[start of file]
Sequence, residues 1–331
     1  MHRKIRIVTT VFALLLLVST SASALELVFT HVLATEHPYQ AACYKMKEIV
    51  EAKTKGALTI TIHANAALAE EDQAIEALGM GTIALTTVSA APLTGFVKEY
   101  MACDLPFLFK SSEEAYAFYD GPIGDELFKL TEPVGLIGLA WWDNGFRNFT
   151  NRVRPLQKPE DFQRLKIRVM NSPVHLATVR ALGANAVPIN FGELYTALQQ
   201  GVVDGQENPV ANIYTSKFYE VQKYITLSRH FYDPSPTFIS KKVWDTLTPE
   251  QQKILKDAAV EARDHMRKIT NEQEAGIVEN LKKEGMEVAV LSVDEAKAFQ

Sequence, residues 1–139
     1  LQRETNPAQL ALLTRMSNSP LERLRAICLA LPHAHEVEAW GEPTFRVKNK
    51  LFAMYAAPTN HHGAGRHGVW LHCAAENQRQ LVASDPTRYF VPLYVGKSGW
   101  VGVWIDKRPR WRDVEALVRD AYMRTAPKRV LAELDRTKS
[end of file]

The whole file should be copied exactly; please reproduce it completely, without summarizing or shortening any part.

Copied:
Sequence, residues 1–331
     1  MHRKIRIVTT VFALLLLVST SASALELVFT HVLATEHPYQ AACYKMKEIV
    51  EAKTKGALTI TIHANAALAE EDQAIEALGM GTIALTTVSA APLTGFVKEY
   101  MACDLPFLFK SSEEAYAFYD GPIGDELFKL TEPVGLIGLA WWDNGFRNFT
   151  NRVRPLQKPE DFQRLKIRVM NSPVHLATVR ALGANAVPIN FGELYTALQQ
   201  GVVDGQENPV ANIYTSKFYE VQKYITLSRH FYDPSPTFIS KKVWDTLTPE
   251  QQKILKDAAV EARDHMRKIT NEQEAGIVEN LKKEGMEVAV LSVDEAKAFQ

Sequence, residues 1–139
     1  LQRETNPAQL ALLTRMSNSP LERLRAICLA LPHAHEVEAW GEPTFRVKNK
    51  LFAMYAAPTN HHGAGRHGVW LHCAAENQRQ LVASDPTRYF VPLYVGKSGW
   101  VGVWIDKRPR WRDVEALVRD AYMRTAPKRV LAELDRTKS